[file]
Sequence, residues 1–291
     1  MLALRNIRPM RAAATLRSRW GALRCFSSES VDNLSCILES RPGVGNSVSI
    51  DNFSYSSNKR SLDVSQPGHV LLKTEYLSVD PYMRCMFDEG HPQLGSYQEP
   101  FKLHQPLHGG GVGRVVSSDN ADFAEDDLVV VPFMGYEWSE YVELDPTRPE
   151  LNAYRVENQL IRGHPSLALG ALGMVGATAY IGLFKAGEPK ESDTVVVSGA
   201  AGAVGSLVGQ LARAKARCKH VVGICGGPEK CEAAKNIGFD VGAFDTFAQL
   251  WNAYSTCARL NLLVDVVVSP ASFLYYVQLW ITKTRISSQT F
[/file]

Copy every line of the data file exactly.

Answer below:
Sequence, residues 1–291
     1  MLALRNIRPM RAAATLRSRW GALRCFSSES VDNLSCILES RPGVGNSVSI
    51  DNFSYSSNKR SLDVSQPGHV LLKTEYLSVD PYMRCMFDEG HPQLGSYQEP
   101  FKLHQPLHGG GVGRVVSSDN ADFAEDDLVV VPFMGYEWSE YVELDPTRPE
   151  LNAYRVENQL IRGHPSLALG ALGMVGATAY IGLFKAGEPK ESDTVVVSGA
   201  AGAVGSLVGQ LARAKARCKH VVGICGGPEK CEAAKNIGFD VGAFDTFAQL
   251  WNAYSTCARL NLLVDVVVSP ASFLYYVQLW ITKTRISSQT F